[Skip to Content]
Access to paid content on this site is currently suspended due to excessive activity being detected from your IP address Please contact the publisher to request reinstatement.
[Skip to Content Landing]
Views 1,413
Citations 0
Cancer Care Chronicles
July 23, 2020

Managing Grief, Loss, and Connection in Oncology—What COVID-19 Has Taken

Author Affiliations
  • 1Division of Oncology, Department of Medicine, University of North Carolina, Chapel Hill
JAMA Oncol. Published online July 23, 2020. doi:10.1001/jamaoncol.2020.2839

Constraints imposed by coronavirus disease 2019 (COVID-19) have changed every part of my life, but disruption of human connection with patients has been the most unsettling to me. Over 15 years as a gastrointestinal medical oncologist, I have learned from patients how to help them through terminal disease, attended workshops on how to speak about the end of life, and strived to share in patients’ grief without losing myself. But I find myself wholly unprepared to speak of death and dying across cell phones or video links with unreliable connections. I have not yet figured out how to help guide patients’ struggles with cancer—leading them toward a death with dignity and finding personal reward in our relationship—when I cannot see them, hug them, or see their love for each other. What does it take to find balance and connection in virtual oncology?

Limit 200 characters
Limit 25 characters
Conflicts of Interest Disclosure

Identify all potential conflicts of interest that might be relevant to your comment.

Conflicts of interest comprise financial interests, activities, and relationships within the past 3 years including but not limited to employment, affiliation, grants or funding, consultancies, honoraria or payment, speaker's bureaus, stock ownership or options, expert testimony, royalties, donation of medical equipment, or patents planned, pending, or issued.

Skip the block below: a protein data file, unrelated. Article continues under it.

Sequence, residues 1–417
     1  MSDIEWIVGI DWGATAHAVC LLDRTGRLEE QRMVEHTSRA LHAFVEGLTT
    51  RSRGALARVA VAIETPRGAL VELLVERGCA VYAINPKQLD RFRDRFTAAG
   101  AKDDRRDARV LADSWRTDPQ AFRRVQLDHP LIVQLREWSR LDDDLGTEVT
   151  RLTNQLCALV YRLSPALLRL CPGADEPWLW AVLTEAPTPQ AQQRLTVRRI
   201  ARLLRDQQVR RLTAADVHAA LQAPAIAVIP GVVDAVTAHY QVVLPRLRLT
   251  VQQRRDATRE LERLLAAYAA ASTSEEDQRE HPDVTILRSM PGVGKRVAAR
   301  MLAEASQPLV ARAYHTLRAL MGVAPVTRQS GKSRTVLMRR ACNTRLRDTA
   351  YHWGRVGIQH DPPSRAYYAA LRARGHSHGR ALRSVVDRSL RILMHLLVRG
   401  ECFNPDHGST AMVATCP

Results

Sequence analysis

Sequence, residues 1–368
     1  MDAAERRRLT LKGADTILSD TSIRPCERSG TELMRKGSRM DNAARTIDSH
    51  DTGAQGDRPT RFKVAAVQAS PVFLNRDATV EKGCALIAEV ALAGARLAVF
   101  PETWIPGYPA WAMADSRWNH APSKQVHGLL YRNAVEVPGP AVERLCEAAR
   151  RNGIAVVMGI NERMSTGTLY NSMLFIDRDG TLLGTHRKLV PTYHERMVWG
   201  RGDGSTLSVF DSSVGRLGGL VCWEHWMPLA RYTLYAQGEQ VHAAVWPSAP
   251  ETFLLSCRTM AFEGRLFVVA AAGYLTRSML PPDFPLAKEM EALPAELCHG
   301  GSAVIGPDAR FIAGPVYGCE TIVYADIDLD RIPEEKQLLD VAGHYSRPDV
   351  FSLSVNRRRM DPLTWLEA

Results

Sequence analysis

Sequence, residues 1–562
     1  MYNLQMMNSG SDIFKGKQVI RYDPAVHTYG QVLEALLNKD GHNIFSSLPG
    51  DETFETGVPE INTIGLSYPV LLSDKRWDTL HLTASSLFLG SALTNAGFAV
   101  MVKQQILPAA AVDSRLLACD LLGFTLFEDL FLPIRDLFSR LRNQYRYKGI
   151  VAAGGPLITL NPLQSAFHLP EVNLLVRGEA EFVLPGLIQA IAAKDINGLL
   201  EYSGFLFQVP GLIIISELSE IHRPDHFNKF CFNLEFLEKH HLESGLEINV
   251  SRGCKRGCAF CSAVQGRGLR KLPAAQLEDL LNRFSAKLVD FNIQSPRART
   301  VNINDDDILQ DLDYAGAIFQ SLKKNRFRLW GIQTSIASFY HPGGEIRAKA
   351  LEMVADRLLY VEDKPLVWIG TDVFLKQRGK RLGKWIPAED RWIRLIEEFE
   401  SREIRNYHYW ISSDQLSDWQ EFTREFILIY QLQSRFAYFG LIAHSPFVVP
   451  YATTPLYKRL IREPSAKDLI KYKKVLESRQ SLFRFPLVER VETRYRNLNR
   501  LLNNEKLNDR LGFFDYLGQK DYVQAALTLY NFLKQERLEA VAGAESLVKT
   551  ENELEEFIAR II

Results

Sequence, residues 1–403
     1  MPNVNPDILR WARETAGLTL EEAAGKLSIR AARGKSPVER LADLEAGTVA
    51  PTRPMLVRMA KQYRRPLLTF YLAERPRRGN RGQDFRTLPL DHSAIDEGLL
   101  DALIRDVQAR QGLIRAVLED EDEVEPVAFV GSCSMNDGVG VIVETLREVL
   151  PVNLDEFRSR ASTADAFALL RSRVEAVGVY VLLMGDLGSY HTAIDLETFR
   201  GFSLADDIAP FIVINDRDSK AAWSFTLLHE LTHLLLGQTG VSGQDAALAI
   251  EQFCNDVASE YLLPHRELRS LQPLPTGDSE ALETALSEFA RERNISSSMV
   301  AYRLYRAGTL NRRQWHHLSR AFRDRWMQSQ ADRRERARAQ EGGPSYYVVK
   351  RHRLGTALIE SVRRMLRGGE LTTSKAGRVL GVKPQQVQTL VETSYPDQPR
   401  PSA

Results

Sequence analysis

Err on the side of full disclosure.

If you have no conflicts of interest, check "No potential conflicts of interest" in the box below. The information will be posted with your response.

Not all submitted comments are published. Please see our commenting policy for details.

Limit 140 characters
Limit 3600 characters or approximately 600 words
    1 Comment for this article
    Dealing with Cancer Grief in COVID-19
    Michael McAleer, PhD(Econometrics),Queen's | Asia University, Taiwan
    The sensitive and moving perspectives by a cancer specialist will be taken to heart by anyone who has been diagnosed with terminal and inoperable cancer, or knows someone who has been.

    Isolation from society is not unknown for cancer patients, but the added social difficulties arising from COVID-19 can lead to greater struggles in terms of distancing and associated mental health issues.

    Quality of life is essential for terminal patients, and oncologists have immense medical and emotional pressure to assist cancer patients as they approach the end.

    It is providential that oncologists have a mission that focuses on
    compassion and empathy, among others, and as gatekeepers of the quality of life of cancer patients when they need it most.

    When the time comes, cancer patients will miss their family and friends deeply, as well as their oncologist.